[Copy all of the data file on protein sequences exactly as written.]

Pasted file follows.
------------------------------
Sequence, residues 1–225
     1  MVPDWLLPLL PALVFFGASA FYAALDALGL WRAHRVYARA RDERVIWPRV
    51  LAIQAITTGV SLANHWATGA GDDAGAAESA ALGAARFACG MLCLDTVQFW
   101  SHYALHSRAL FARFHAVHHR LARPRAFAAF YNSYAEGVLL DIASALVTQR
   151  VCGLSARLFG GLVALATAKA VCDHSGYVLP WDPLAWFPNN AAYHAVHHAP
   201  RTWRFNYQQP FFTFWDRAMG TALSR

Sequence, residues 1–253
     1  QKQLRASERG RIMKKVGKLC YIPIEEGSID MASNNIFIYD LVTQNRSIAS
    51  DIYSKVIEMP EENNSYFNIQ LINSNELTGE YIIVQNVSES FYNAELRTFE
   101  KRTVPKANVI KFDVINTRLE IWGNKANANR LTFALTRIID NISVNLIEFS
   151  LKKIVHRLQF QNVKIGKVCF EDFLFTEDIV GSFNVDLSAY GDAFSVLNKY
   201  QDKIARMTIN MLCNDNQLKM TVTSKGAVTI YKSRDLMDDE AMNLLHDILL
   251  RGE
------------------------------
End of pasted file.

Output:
Sequence, residues 1–225
     1  MVPDWLLPLL PALVFFGASA FYAALDALGL WRAHRVYARA RDERVIWPRV
    51  LAIQAITTGV SLANHWATGA GDDAGAAESA ALGAARFACG MLCLDTVQFW
   101  SHYALHSRAL FARFHAVHHR LARPRAFAAF YNSYAEGVLL DIASALVTQR
   151  VCGLSARLFG GLVALATAKA VCDHSGYVLP WDPLAWFPNN AAYHAVHHAP
   201  RTWRFNYQQP FFTFWDRAMG TALSR

Sequence, residues 1–253
     1  QKQLRASERG RIMKKVGKLC YIPIEEGSID MASNNIFIYD LVTQNRSIAS
    51  DIYSKVIEMP EENNSYFNIQ LINSNELTGE YIIVQNVSES FYNAELRTFE
   101  KRTVPKANVI KFDVINTRLE IWGNKANANR LTFALTRIID NISVNLIEFS
   151  LKKIVHRLQF QNVKIGKVCF EDFLFTEDIV GSFNVDLSAY GDAFSVLNKY
   201  QDKIARMTIN MLCNDNQLKM TVTSKGAVTI YKSRDLMDDE AMNLLHDILL
   251  RGE